It was a beautiful Friday afternoon when my friend Priscilla and I headed to Marion, Indiana to meet Marianne Fons and Liz Porter on the eve of their induction into the Quilters Hall of Fame.
I was only familiar with “F&P” for their book on quilted vest making going back to the 1980’s. I never made any of them but I purchased a simple vest pattern and started “string quilting” holiday vests for various holidays.
Little did I know until the Friday prior to the trip when I stopped at a “fabric and craft” yard sale that they also created quilt kits. I found their “Yikes Daisies” (2011) kit featuring colorful Red Rooster fabrics at the sale, purchased it and brought it along for the ride. At the celebration, vendor Cindy Claycamp, this year’s Indiana State Quilt Guild’s 2019 Life Time Achievement Award winner, purchased it from me so she could hopefully get her photo taken with it and F&P. Truly one quilter’s yard sale find became another quilter’s treasure.
The walk through of Marianne and Liz’s quilts was a great opportunity to get acquainted with them and their quilts. Marianne and Liz met back in 1977 when they took a quilting class in their hometown of Winterset, Iowa (pop 5276). They evolved from students to co-teachers and started publishing quilt books as a means to support their families. In 1993 they hit the proverbial jackpot with the publication of Quilter’s Complete Guide, an exceptional reference volume that sold over half a million copies. The success of the book opened doors to other ventures. Being so popular in print form, they cast their eyes toward a how-to program on public television. F&P soon discovered if you want to be on PTV, it’s up to you to raise the funds to make it happen, which they did by obtaining national sponsors. Over the next decade PTV took them into the homes of millions of quilters who learned how to take bits of fabric and rearrange them into beautiful designs. Their quilting empire grew to include the largest circulating quilt magazine, a mail order business, and a quilter’s product line.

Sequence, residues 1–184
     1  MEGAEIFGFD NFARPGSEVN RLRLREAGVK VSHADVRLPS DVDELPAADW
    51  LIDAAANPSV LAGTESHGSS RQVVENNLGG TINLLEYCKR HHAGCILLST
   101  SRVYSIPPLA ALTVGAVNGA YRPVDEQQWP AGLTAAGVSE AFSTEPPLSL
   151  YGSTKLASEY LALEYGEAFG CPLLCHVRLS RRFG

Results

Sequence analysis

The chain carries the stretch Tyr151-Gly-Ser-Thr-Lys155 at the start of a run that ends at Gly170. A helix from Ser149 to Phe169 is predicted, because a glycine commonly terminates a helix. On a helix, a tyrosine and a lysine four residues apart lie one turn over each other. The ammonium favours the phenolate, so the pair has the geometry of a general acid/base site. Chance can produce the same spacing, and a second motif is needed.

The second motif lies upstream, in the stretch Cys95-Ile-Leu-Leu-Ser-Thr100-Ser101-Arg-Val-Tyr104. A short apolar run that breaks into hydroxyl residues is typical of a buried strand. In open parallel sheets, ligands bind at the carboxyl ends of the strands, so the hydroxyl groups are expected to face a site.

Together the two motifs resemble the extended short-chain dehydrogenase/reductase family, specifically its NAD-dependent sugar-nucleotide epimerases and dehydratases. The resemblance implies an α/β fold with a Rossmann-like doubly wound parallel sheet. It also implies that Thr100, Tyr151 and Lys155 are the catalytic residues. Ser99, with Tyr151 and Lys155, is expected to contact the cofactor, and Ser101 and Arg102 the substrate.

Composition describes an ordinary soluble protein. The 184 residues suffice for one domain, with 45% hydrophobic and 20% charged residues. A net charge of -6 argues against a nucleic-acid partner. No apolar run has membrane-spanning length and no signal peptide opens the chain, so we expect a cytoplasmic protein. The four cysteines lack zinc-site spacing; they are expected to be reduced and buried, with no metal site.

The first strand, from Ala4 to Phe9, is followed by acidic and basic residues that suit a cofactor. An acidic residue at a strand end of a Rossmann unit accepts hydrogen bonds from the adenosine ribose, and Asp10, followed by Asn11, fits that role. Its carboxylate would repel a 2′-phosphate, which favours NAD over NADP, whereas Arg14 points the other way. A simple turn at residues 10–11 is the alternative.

Marianne refers to her latest finished quilt as her “latest and greatest quilt” and unlike other quilters, she finishes every one. No unfinished projects languishing under her bed!
Liz created a quilt using two different quilt blocks: the nine patch and the nine-patch within a nine patch where five of the squares are made up of mini nine patches. She noted that the quilt didn’t have a border which makes it look older. She admonished us to know when to quit. It is her opinion that some quilters get tired and add borders just because they wanted a bigger quilt even though the added border doesn’t enhance the quilt. Liz has her quilts quilted by the Old Order Amish women, but she was quick to point out several times that she did hand applique the stems.
We viewed Americana Sampler created by both F&P for the cover of Quilter’s Complete Guide. They both made doubles of their blocks to swap so they would each end up with a complete set.
Many of the attendees had questions and shared thoughts about their quilts. I only had one question: Do they still make quilted vests? The answer was a resounding “NO!”
From a beginning quilt class to a quilting empire, Marianne Fons and Liz Porter are deserving to be inducted into the prestigious Quilters Hall of Fame!
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